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From initial preparation to packaging, the food and beverage manufacturing sector incorporates a broad range of advanced technologies into highly sophisticated processes. For many enterprises, processing equipment must endure long, punishing production runs that require precise operations and sanitary conditions. All these requirements make the effective and timely repair or replacement of equipment a critical necessity.
Given the vast array of mechanical and electronic parts involved, the seemingly straightforward task of maintaining equipment frequently presents a logistical nightmare that involves farming out components to a variety of specialty repair shops with variable capabilities, quality, pricing and turnaround time.
Fortunately, the repair services industry is responding by broadening its capabilities to provide more of a one-stop-shop service, often with facilities strategically located near major manufacturers or manufacturing regions. Having a repair service in close proximity means repairs can be completed faster and the maximum possible uptime maintained.
Food and beverage processors typically incorporate manufacturing technologies that are subject to unusual requirements. For numerous production line configurations, plants are dependent on the entire line of equipment running harmoniously. The motors used for food preparation processes must normally operate without fault for long intervals. These motors, many of which are electric, need the proper AC and DC drives to operate efficiently and keep energy costs under control. Some motors are exposed to harsh conditions like washdowns and must be protected from overspray. Pump motors may be fully enclosed, making routine maintenance more challenging.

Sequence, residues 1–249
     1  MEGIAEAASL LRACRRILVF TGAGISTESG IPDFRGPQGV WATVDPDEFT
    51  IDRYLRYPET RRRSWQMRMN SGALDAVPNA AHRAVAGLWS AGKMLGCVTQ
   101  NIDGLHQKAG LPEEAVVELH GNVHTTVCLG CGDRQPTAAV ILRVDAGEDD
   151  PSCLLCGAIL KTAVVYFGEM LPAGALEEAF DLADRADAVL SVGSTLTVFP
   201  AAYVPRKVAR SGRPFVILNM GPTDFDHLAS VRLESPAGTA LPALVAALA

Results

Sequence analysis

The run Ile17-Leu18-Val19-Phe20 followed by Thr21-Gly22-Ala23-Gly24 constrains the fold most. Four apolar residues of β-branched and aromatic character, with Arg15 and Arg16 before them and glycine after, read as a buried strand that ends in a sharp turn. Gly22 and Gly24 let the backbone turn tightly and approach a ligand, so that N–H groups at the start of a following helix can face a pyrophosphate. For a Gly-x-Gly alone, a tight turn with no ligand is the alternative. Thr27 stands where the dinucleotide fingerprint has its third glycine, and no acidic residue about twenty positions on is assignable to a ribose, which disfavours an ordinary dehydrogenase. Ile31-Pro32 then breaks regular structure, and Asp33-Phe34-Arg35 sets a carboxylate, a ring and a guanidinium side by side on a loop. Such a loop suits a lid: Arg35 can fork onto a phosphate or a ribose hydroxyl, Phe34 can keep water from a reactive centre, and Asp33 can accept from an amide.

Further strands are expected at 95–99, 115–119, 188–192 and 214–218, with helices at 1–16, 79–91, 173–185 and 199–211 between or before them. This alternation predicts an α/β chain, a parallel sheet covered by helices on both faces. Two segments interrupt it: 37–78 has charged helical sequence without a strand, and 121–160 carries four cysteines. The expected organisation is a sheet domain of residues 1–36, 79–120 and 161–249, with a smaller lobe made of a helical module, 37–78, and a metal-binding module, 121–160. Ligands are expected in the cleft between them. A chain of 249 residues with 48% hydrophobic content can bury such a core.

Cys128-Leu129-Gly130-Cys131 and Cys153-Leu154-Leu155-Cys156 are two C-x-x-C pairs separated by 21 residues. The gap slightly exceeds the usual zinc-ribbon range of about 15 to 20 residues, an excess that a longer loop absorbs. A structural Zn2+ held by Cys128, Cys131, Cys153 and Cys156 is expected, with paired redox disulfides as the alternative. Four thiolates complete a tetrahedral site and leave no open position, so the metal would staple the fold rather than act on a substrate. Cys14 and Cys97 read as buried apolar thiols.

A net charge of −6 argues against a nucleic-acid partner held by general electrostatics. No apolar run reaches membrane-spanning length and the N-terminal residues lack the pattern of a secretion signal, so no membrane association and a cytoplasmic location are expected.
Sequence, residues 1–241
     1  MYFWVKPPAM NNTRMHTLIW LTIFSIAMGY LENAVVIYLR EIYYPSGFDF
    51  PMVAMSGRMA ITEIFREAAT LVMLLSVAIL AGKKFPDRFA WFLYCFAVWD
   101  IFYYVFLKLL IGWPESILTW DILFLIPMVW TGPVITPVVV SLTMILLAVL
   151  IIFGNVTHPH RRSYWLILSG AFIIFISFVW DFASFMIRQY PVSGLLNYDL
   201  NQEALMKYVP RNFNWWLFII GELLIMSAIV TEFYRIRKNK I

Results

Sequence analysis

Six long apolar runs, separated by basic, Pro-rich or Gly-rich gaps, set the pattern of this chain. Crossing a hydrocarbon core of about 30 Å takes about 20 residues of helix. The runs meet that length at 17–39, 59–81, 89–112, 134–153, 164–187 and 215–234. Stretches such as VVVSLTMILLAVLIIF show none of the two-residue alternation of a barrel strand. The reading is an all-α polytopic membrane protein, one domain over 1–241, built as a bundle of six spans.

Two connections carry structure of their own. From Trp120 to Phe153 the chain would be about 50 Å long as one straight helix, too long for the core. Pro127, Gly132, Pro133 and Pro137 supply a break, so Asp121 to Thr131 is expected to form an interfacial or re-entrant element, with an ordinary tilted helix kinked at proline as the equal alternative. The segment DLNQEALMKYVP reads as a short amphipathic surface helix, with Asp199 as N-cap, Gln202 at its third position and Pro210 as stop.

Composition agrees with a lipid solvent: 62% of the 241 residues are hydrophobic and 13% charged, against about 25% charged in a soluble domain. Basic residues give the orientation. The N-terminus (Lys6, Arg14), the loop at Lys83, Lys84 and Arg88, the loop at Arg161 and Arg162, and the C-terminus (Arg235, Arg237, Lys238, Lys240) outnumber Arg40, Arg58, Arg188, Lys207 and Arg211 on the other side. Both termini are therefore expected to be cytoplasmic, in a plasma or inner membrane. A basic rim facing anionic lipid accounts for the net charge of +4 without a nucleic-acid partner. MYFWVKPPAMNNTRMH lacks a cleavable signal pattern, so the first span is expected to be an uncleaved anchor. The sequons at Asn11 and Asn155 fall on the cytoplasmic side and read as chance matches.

Modern processing plants also frequently employ human-machine-interface (HMI) panels and supervisory control and data acquisition (SCADA) systems to control equipment automatically and remotely. Programmable logic controllers (PLCs) are used to automate electromechanical processes, providing systems with the ability to communicate via sensors and other devices.
Given the variety and complexity of machine components, repair or replacement usually involves sending specific components to specialty repair shops. For example, a hydraulic component repair shop does not have the capability to also repair motors, and a motor repair shop cannot replace memory or communication cards in sophisticated PLC systems.
However, where these services can converge are with larger international repair service companies. Due to their size and expertise in many industries from automotive to aerospace, these companies are equipped to offer an array of repair services under one roof. This includes the repair or replacement of components such as servo motors, gearboxes, vacuum pumps, hydraulic cylinders, rotary actuators, etc.
Regardless of the type of part, it is important to look for a repair company that will conduct an initial evaluation to identify the probable cause of failure, and then repair and test the part according to the manufacturer's specifications and test procedures.